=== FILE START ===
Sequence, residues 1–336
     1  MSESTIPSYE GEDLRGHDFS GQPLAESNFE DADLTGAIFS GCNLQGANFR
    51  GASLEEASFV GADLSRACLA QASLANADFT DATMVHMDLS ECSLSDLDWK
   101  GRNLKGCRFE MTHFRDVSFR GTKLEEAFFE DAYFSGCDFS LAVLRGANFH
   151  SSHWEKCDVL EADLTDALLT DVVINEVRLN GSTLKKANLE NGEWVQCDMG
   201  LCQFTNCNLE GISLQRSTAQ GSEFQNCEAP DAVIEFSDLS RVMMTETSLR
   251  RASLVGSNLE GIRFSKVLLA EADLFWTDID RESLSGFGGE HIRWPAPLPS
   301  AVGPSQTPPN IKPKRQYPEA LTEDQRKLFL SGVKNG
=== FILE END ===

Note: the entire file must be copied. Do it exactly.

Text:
Sequence, residues 1–336
     1  MSESTIPSYE GEDLRGHDFS GQPLAESNFE DADLTGAIFS GCNLQGANFR
    51  GASLEEASFV GADLSRACLA QASLANADFT DATMVHMDLS ECSLSDLDWK
   101  GRNLKGCRFE MTHFRDVSFR GTKLEEAFFE DAYFSGCDFS LAVLRGANFH
   151  SSHWEKCDVL EADLTDALLT DVVINEVRLN GSTLKKANLE NGEWVQCDMG
   201  LCQFTNCNLE GISLQRSTAQ GSEFQNCEAP DAVIEFSDLS RVMMTETSLR
   251  RASLVGSNLE GIRFSKVLLA EADLFWTDID RESLSGFGGE HIRWPAPLPS
   301  AVGPSQTPPN IKPKRQYPEA LTEDQRKLFL SGVKNG